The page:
In a time when artists arguably have a greater platform than ever to speak their minds, New York-born rapper Azealia Banks refuses to let anyone shut her up. The 25-year-old has become infamous for her constant commentary on everything from the appropriation of hip-hop to the falseness of Beyoncé. If you think taking shots at Queen Bey is blasphemy, you probably won't like what Banks stands for, which is saying whatever the fuck she wants.
And I mean whatever. The woman has no chill, which has gotten her into some hot water but also earned her a diehard throng of followers who love her precisely for her brashness. To help you determine which side of the fence you fall on, here are some of her most high-profile beefs to date.
This was technically caused by a miscommunication when Banks reacted, shall we say, passionately to a fake online article that quoted Palin as saying slavery wasn't forced on African-Americans—which, to be fair, doesn't sound like too much of a stretch for Palin. Upon hearing that the quote was fabricated, Banks apologized, but Palin didn't accept and instead threatened to sue for defamation, to which Banks responded, "My only mistake was insinuating that SP might have sex with anyone but her cousin."
Even hip-hop's critical darling isn't safe from Banks' wrath. King Kendrick drew her ire when, in an interview with Billboard, he said black people have to respect themselves before police could. It's an extremely complex issue, so I won't begin to determine who was right here. What I do know is that, somehow, corny Chicago MC Lupe Fiasco joined the convo and, amid all the headiness, got called a "spicy taco" by Banks.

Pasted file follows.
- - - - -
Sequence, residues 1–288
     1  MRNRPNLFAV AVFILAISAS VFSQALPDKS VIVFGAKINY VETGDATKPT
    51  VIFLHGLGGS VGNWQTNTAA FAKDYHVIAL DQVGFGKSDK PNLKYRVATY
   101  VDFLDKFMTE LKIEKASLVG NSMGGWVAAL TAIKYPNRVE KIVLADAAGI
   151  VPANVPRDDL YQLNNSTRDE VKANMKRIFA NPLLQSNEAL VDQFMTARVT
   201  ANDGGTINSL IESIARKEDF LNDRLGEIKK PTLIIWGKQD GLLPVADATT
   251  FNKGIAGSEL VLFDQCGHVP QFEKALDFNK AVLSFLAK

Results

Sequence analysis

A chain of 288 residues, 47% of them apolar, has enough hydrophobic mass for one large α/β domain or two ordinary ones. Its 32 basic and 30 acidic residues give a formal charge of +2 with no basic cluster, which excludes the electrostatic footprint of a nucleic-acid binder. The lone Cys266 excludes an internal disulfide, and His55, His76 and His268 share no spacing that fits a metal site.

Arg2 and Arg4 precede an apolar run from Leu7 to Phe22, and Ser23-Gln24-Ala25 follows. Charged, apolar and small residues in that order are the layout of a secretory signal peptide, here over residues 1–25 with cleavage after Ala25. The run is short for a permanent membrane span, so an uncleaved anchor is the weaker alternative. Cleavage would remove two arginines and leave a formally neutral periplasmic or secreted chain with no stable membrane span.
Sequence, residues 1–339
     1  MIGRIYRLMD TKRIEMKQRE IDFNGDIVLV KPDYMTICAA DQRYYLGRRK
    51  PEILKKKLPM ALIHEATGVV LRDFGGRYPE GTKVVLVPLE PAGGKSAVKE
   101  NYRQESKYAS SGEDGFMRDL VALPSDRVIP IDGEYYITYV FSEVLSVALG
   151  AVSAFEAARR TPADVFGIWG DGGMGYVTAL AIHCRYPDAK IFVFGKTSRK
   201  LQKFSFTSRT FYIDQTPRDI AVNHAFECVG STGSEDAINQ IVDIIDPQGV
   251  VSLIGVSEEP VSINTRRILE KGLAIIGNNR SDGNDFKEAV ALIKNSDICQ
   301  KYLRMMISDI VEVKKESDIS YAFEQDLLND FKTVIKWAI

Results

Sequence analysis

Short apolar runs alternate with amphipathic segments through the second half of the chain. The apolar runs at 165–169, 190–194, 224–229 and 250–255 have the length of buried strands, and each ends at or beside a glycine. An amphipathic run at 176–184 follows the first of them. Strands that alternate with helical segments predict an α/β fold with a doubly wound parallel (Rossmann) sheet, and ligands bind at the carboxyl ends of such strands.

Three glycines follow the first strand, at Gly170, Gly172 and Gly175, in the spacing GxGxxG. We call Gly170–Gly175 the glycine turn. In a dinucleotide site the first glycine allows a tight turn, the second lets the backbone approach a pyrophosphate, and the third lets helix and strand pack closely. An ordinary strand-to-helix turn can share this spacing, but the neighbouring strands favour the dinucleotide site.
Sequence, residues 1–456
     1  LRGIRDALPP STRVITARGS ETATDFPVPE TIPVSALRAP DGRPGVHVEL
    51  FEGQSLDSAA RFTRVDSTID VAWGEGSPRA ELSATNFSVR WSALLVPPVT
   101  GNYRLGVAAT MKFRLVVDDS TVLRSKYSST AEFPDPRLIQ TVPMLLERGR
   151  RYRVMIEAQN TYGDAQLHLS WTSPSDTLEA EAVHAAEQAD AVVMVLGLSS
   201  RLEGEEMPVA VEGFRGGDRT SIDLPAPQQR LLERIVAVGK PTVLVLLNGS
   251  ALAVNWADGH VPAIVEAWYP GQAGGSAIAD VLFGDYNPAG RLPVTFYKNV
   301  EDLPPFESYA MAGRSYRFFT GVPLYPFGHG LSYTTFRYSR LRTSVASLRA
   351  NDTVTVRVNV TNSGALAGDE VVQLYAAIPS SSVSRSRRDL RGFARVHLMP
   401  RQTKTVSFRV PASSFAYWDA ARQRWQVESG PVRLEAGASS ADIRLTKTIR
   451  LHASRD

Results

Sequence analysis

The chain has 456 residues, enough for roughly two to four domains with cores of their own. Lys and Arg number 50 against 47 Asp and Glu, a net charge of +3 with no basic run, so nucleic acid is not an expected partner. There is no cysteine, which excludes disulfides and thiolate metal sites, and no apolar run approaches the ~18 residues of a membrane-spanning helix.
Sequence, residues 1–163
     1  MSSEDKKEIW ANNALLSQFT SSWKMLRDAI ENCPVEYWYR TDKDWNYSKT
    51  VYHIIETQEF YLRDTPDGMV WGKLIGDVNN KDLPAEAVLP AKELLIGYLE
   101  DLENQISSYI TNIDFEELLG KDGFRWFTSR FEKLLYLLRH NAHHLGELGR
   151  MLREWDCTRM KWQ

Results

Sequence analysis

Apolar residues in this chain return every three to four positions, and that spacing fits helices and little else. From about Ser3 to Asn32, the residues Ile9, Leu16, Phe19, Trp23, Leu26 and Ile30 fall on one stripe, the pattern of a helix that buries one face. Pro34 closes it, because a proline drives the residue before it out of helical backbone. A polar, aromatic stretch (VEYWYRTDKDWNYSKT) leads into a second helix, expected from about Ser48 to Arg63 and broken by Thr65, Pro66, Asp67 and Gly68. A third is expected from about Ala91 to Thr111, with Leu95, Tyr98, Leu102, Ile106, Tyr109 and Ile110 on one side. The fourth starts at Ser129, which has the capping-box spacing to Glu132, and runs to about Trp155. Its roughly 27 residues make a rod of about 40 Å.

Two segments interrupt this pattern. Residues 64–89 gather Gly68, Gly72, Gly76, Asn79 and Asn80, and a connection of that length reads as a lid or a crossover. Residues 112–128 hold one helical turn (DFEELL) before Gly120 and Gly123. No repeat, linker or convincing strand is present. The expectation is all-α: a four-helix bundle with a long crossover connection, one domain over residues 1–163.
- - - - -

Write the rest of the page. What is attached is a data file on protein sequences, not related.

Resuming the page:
This is an example of Banks at her worst. After accusing the former One Direction band member of stealing elements from one of her music videos, Malik responded via a subtweet, leading Banks to fire back with multiple homophobic and racist slurs. Malik, who's of Pakistani descent, shrugged it off—as many of Banks' sparring partners do—but the dweebs at Twitter weren't as passive and promptly suspended Banks' account. Let this be a lesson: Even the blue check mark can't shield you from the repercussions of being a dick.
It's never a good idea to get in an argument with a child. Banks evidently hasn't learned that lesson, because soon after the Malik incident, she got into it with 14-year-old actress Skai Jackson. After Jackson told her to "simmer down a little," Banks responded by calling her a "thot in training." Jackson's reaction, which I imagine she typed out from a bejeweled throne being carried by overgrown manservants, was perfect: "Worry about your career. Get one." Finally, Banks has a worthy opponent. REED JACKSON.
SEE IT: Azealia Banks plays Hawthorne Theatre, 1507 SE Cesar E. Chavez Blvd., on Friday, July 8. 8 pm. $32.50 advance, $35 day of show. All ages.